J: I know there was some Texans that showed up at least in some of your recording early on ‘cause Huey P Meaux, he used to talk about Malcolm Rebennack, the man with the plans from the get-go.
[9:42]
D: Yeah [laughs] I was gonna tell you this story where I pulled a piece on, on Huey and I said Huey came back to the dressing room and says oh man, it’s, it’s really good hearing your band and blah-blah-blah. And I said well just wait here a minute.
[10:13]
And I went out to the car and got a piece. And I said now if you give me the money you owe. I, I would dig it [laughs] and I, and I cocked a piece. So he says well I don’t have much money on me but I could get you some. I said no. I said I want you got right now.
[10:45]
And he said ahh, you know, he didn’t know what to say. His brother had just got busted for short eyeing a girl and then he had got busted for short eyeing a kid. It was like what is this, but I, I was working for Irving Green at Mercury Records back then. I was a spy for them.
[11:14]
I was a spy right in Houston Texas at, at Don Robey’s Studio. And I was spying on Johnny Majors and Tye??? Ching who was operating pay table for Don Robey in those days. But I got to do a lot of session work for them and was making a extra hustle on the side from what Mercury was paying me back then.
[11:45]
And but I got really disgusted because they paid me more to be a spy than they did to be a record producer. And I didn’t like that.
J: So you mentioned Don Robey, Huey Meaux. Is this the type of people you had to do business with when you’re a musician?
[12:14]
D: Well yes listen I started working for Johnny Vincent Imbragulio at Ace Records in Jackson, Mississippi. That’s the first job I had and I was a talent scout for them and I was also whatever else Johnny might a wanted. And, uh, uh, I remember Johnny was alive when I, when my book came out.
[12:48]
And I must’ve really badmouthed him in the book ‘cause I, I don’t even have a clue what it said but I know that Johnny wasn’t too happy about whatever. But I was telling the truth and that was that and [laughs] I remember Earl King, myself, Huey Smith, all of us, we had to turn Johnny upside down, hold him by his pants so all the stuff in his pockets would fall out.
[13:22]
And then take his shoes and socks off and then actually strip the guy ‘cause we couldn’t trust him. But this was the first guy I worked for in, in, in the studios. But Cosimo Matassa, he was a good guy.
[13:46]
Cosimo always kept everything straight up and, and he was a good man like that. And I, I have a deep appreciation for Cos ‘cause he was a great engineer in the studios and he was a good man. Second job I got was for Joe Ruffino and that was at Ric and Ron Records.
[14:15]
And he was not that cool because I remember when Henry Glover and Morris Levy came to New Orleans ‘cause they owned, uh, uh, Joe Jones’ record of You Talk Too Much.
[14:40]
And [laughs] they actually, uh, my boss Joe Ruffino said, I don’t know who you guys are but you can get the hell outta here. And it almost started a gang war between New York and New Orleans. But back in those days the, the Black Hand was the local mafia.
[15:18]
And that was what the hell was going on you know. I mean, uh, Carlos Marcello and all those guys was like that. They, his brother Pascal, he looked out for my band. But Pete Marcello [other brother] Looked out for Sugar Boys Band. And that was how it was.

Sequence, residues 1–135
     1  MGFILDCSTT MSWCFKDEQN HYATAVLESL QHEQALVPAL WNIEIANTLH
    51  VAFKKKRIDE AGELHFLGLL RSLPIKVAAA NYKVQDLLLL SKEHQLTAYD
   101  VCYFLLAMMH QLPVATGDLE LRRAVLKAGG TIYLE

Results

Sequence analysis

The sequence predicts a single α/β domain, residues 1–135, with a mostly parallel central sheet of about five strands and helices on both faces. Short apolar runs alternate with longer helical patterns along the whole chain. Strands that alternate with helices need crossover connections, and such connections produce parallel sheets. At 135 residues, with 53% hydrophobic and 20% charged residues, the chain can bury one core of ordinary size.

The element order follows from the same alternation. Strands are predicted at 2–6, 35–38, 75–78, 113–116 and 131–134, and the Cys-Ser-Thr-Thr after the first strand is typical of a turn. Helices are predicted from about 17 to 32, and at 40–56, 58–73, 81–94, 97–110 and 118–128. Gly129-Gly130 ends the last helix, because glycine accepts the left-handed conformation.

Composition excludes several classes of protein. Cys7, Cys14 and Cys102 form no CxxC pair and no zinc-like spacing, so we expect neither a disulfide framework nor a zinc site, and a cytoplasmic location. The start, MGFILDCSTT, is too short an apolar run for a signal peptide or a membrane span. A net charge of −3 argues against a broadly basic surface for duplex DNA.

[15:47]
You know there were certain guys that looked out for certain people. And you were stuck with that. And I’ll never forget working at the Wego Inn on the Hill, that was in Westwego Louisiana. And when Happy Cuchero, who was running the joint, start shooting his club up.
[16:18]
Now it’s, you’re not gonna keep a audience too long when you’re shooting a club up. Well, uh, back then we used to get paid and there was guys behind bars that was counting the money.
[16:46]
And you know every nickel and dime they, they made was put on, into the machines and you got paid. But it was not a easy thing to do [laughs]
J: It sounds like in this environment the musician was the last one to get paid.
[17:12]
D: Well yeah, even though the Marcellos used to take us to this place that is now a restaurant Oscar’s???, and that’s where they used to pay us at back then. Now it’s a nice restaurant [laughs].
[17:34]
But I was told back in the game that if all the guys that was buried in the swamps behind there would do something, uh, that there would be a lot of people that know something different.

[17:59]
But that’s life I went in. But you know we’re gonna get back to Doug.
J: We’re getting to him. I was going to say coming out of Orleans and working for Robey and running, going to Houston, was Houston different than New Orleans?
[18:20]
D: Actually, uh, I remember the club where Lightnin Hopkins used to play at was packed. And you could smell the weed all in the street. And the club where Johnny Clyde Copeland worked at was another, he didn’t have that many people in there but they had some people in there.
[18:47]
And where I was working with Joe Scott’s band, there wasn’t nobody [laughs] but they just had Al TNT Braggs fronting the show. And without somebody like a Bobby Bland or Junior Parker or somebody else fronting the show, they ain’t gonna draw no people [laughs].
J: That’s hard to believe. Joe Scott though I’d think people would flock to him. You’re right he’s as good as his front man is. Was there a difference in the horn sound New Orleans horns and Houston horns?
[19:30]